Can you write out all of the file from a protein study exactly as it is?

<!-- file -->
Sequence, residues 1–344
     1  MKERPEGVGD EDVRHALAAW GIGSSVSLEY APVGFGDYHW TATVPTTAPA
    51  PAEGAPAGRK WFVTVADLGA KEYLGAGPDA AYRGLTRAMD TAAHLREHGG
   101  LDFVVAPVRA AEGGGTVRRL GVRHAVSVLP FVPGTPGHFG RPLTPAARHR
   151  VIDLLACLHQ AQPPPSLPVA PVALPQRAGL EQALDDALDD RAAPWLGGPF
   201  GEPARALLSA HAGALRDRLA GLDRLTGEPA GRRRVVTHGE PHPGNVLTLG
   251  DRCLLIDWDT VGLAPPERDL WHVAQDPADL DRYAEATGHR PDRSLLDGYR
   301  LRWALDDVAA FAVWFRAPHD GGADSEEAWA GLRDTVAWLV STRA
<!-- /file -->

Sequence, residues 1–344
     1  MKERPEGVGD EDVRHALAAW GIGSSVSLEY APVGFGDYHW TATVPTTAPA
    51  PAEGAPAGRK WFVTVADLGA KEYLGAGPDA AYRGLTRAMD TAAHLREHGG
   101  LDFVVAPVRA AEGGGTVRRL GVRHAVSVLP FVPGTPGHFG RPLTPAARHR
   151  VIDLLACLHQ AQPPPSLPVA PVALPQRAGL EQALDDALDD RAAPWLGGPF
   201  GEPARALLSA HAGALRDRLA GLDRLTGEPA GRRRVVTHGE PHPGNVLTLG
   251  DRCLLIDWDT VGLAPPERDL WHVAQDPADL DRYAEATGHR PDRSLLDGYR
   301  LRWALDDVAA FAVWFRAPHD GGADSEEAWA GLRDTVAWLV STRA